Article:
RE teaching is in need of modernisation. But not at the expense of good, old-fashioned accuracy, writes Terence Copley
In a society in which it is easy to see religion merely as one leisure option among many - less enticing even on Sundays than the national pastimes of shopping and car boot sales - the established approach to teaching religions may be in need of an overhaul.
Believers and non-believers alike may be in favour of an approach to RE which questions the mind-set that places "Me" at the centre of the universe and deifies material things. Straightforward conducted tours of religious heritage - "On your left Jewish synagogue worship; on your right Islamic dietary rules" - don't face up to this issue. Nor, in the tendency of some RE teachers to sanitise religion, are religions presented as living, developing traditions that challenge the state of the world.
Junior Steps in RE concentrates on four religions: Judaism, Christianity, Islam and Sikhism. The pupil books are lavishly illustrated in colour, and all four religions appear discretely in each book. The teacher's books contain photocopiable worksheets: God is depicted - an offensive act to some believers and an impossible one to others - as are bald angels, presumably to show there's hope for bald reviewers like me. Heaven is also pictured, rather unattractively, and overall the collection disappoints visually.
The written text is not without problems. There are proofing errors such as "principle religions" - perhaps the ones that satisfy the School Curriculum and Assessment Authority's moral values forum? - and the placing of Amritsar in India on one page and Pakistan on another. There are also misleading statements about religions: John Wesley is presented as "a vicar". Jesus rises from the dead, whereas in the New Testament God did it. The parable of the Good Samaritan is presented as being about helping people in need, rather than recognising that even your enemy or persecutor is the "neighbour" of the commandment. While Roman Catholic priests are properly "he", so are Methodist and Baptist ministers. Only Anglican clergy are allowed to be "he or she".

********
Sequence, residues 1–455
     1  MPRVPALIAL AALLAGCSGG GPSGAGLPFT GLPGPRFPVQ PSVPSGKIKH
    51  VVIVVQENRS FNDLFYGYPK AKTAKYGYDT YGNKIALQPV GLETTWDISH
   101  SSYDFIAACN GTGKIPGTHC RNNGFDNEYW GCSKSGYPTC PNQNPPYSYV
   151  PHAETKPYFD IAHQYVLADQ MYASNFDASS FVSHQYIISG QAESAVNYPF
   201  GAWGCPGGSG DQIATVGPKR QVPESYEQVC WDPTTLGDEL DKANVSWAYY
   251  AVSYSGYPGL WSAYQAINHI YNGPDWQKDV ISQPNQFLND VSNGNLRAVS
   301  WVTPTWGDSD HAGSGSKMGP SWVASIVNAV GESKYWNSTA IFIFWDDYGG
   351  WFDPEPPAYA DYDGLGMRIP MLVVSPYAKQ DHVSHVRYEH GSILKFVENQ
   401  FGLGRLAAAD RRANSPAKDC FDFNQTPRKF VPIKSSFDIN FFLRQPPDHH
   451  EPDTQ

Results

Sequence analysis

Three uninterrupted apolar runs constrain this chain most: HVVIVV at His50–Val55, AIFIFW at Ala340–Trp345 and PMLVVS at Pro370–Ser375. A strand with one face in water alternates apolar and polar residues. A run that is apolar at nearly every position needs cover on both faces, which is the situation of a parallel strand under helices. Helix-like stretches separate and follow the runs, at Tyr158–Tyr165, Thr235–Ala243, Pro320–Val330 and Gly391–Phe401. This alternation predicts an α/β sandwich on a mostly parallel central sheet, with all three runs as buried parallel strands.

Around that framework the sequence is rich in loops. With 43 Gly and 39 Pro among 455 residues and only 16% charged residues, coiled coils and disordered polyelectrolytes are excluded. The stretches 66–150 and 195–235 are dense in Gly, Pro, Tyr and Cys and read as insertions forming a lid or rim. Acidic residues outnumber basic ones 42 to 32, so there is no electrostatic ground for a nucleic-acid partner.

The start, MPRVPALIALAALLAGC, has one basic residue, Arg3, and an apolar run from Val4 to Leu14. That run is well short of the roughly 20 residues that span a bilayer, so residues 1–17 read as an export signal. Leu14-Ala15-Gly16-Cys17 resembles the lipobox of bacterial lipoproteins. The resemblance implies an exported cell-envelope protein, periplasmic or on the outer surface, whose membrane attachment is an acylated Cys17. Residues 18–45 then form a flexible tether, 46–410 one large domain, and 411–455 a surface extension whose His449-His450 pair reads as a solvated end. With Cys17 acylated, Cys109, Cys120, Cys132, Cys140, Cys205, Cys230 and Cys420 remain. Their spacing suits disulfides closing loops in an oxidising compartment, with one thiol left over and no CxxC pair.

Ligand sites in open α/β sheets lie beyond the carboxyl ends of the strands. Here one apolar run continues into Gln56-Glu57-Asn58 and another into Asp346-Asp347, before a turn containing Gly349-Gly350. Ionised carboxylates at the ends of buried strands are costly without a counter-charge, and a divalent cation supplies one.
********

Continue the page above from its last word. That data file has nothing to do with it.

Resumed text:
The aims in relation to Christian material seem sometimes more confessional than educational: "To explain that God was responsible for the whole of creation" is one aim for Jewish material. The Year 3 book is the weakest: God is written about as indisputable fact, the religions are approached through their distant and sometimes difficult-to-reconstruct past, a six-day Creation is implied, and the early Genesis chapters are presented as authentic history. The books improve towards Year 6.
The layout and visual appeal of the pupil books are strong, and pupils will enjoy looking through the photographs. "Things to Do" are suggested at the end of each section. The teacher's books try to provide more background information and suggestions.
The series raises an issue for agreed syllabus planners and publishers alike. Now that we've moved beyond the confusing thematic breakdown of religions in RE, which in some ways is like trying to study a pig by using a slice of gammon, we've got to decide how we approach religions accurately, sensitively and relevantly. The sacred and the secular can be in dialogue - even in Year 3.
Terence Copley is a senior lecturer in religious education at the University of Exeter